On our forgot password reset form, is it ok to leak that a given e-mail address entered is invalid? Or should we always just return success and check your e-mail, even if the e-mail is not valid.

I feel like always returning success can provide a bad user experience, i.e. if a user is trying to remember which e-mail they used for the service.

5 Answers 5


I would not say that it is a bad experience to ask the user to check their email account - that would be the location where they will be expecting to go to next, regardless. If they are not signed up you could send them an email saying that their email address is not associated to any account. This would stop any other user from verifying whether the email address is registered with you or not (username enumeration).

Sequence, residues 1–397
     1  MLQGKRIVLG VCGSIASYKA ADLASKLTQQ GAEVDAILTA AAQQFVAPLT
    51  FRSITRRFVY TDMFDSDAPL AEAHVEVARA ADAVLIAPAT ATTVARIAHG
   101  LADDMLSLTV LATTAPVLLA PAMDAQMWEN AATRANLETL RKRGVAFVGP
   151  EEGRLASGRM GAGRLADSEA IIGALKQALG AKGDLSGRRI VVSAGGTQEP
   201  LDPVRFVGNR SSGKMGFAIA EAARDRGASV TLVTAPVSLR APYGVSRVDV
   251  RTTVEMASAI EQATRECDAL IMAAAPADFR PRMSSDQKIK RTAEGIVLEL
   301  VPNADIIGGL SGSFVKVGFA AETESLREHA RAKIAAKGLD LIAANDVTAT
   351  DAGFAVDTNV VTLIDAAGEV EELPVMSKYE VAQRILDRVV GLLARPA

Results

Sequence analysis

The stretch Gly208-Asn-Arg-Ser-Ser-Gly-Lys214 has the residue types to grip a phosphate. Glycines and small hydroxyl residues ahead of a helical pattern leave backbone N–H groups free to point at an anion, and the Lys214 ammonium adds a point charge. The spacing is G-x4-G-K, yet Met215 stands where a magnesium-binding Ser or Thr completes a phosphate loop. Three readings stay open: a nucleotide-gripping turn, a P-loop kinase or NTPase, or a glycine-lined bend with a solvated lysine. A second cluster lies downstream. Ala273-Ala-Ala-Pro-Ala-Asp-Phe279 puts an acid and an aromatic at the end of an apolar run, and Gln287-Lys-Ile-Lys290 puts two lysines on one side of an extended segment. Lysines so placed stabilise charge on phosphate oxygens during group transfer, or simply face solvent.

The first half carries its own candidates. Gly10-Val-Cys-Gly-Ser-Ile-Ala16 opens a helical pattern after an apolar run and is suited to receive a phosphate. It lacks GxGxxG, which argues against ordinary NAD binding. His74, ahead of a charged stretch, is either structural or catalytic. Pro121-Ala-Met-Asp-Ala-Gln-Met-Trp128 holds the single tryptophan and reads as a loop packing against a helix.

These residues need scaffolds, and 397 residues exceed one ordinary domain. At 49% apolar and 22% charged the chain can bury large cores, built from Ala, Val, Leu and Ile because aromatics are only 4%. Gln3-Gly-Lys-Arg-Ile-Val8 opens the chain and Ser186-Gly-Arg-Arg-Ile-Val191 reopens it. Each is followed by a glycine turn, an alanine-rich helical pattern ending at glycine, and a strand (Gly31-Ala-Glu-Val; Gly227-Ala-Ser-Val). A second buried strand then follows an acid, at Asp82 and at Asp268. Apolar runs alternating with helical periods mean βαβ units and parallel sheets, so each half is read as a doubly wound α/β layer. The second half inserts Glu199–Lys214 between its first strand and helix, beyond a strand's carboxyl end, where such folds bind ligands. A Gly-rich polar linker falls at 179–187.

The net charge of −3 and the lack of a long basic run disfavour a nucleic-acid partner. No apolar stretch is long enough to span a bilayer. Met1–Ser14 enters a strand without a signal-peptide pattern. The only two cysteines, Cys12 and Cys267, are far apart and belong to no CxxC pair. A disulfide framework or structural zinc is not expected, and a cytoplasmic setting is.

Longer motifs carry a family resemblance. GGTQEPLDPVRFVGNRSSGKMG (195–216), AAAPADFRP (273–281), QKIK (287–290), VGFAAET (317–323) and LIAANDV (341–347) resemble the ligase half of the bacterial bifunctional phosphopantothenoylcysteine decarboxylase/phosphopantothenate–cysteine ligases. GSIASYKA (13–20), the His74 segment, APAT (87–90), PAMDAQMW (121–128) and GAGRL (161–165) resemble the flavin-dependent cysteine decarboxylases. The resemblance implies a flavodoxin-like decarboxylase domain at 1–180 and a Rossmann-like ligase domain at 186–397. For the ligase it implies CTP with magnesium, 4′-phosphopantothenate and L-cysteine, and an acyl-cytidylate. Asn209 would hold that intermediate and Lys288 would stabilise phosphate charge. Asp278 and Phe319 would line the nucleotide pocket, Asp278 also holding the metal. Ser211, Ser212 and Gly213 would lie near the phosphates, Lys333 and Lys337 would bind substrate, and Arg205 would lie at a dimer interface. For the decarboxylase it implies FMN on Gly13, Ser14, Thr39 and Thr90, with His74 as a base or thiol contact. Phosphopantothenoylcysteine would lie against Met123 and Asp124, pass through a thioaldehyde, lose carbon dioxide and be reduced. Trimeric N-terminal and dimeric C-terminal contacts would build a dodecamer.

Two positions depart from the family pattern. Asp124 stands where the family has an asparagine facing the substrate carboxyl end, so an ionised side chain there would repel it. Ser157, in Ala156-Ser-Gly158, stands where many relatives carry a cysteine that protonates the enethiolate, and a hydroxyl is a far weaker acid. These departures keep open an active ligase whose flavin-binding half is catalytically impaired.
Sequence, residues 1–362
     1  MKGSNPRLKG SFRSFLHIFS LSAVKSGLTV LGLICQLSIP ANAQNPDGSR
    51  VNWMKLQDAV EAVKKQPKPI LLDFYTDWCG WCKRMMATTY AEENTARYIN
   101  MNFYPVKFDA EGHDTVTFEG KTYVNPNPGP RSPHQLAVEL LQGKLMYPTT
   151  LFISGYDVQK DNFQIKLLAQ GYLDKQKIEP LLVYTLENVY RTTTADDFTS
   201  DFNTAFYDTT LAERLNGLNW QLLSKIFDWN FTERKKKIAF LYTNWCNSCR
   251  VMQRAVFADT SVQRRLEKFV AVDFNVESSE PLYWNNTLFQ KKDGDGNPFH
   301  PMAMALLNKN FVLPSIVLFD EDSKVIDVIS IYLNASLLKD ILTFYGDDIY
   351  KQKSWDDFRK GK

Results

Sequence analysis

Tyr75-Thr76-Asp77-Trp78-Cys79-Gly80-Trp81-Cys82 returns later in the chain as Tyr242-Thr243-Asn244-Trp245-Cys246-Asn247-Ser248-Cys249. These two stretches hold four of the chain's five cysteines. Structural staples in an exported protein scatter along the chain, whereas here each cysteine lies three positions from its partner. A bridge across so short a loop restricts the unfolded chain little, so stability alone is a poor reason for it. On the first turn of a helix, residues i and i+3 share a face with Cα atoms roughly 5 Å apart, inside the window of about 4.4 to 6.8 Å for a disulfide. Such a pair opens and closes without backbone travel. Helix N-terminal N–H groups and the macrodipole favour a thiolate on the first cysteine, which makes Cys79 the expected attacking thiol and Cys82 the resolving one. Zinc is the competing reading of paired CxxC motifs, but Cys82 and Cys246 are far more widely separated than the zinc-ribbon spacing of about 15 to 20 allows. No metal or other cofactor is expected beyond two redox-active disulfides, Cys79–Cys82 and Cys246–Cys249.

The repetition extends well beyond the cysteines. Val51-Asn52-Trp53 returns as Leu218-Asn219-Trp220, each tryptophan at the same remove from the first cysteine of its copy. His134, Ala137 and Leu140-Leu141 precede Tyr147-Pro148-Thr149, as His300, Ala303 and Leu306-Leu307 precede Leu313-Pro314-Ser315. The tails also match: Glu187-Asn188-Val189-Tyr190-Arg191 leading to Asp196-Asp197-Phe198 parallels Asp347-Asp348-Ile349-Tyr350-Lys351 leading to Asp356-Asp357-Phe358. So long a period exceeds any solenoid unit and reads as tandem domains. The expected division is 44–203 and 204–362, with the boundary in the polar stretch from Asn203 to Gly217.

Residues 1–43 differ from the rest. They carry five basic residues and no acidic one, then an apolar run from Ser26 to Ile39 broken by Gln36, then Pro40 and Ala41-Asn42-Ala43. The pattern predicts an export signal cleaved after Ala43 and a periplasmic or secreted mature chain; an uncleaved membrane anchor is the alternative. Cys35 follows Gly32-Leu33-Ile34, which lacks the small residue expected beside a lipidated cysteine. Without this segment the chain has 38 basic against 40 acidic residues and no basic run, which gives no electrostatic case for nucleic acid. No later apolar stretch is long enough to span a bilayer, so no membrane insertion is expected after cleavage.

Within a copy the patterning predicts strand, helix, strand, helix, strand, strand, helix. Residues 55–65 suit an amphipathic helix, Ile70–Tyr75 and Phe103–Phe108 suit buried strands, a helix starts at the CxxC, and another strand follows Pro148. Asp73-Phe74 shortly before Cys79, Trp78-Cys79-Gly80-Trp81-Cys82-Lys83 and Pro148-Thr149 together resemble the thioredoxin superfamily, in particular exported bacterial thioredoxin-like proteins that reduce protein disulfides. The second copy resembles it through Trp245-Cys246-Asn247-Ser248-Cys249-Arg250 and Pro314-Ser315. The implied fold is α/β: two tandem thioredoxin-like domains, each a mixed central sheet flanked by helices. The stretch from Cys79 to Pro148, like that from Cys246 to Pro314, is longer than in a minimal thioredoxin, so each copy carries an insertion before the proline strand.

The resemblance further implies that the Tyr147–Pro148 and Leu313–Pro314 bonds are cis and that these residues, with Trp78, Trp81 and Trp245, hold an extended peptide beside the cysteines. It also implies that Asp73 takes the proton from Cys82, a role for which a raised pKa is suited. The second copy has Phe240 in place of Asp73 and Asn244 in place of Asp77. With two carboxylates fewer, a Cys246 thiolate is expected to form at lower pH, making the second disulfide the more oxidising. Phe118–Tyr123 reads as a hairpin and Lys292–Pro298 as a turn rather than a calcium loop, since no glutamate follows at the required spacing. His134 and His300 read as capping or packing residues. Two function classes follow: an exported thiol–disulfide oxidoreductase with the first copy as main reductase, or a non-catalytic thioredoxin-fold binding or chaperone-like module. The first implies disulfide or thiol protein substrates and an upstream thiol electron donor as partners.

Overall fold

Please also see my answer here: How to prevent email discovery in forms?, which could be relevant.

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    I like this suggestion. Every form I've seen so far that does not do e-mail validation on the form just says something like "If there is an account associated with that e-mail, you will receive a message from us...". This leaves your potentially checking your e-mail over and over again, wondering if the form actually worked, for a message that will never come if you entered a wrong address. So, the solution should be to say on the website "An e-mail has been sent to the provided address" and have the e-mail include validation of whether the address matched an account or not.
    – Iszi
    Jan 24, 2014 at 18:39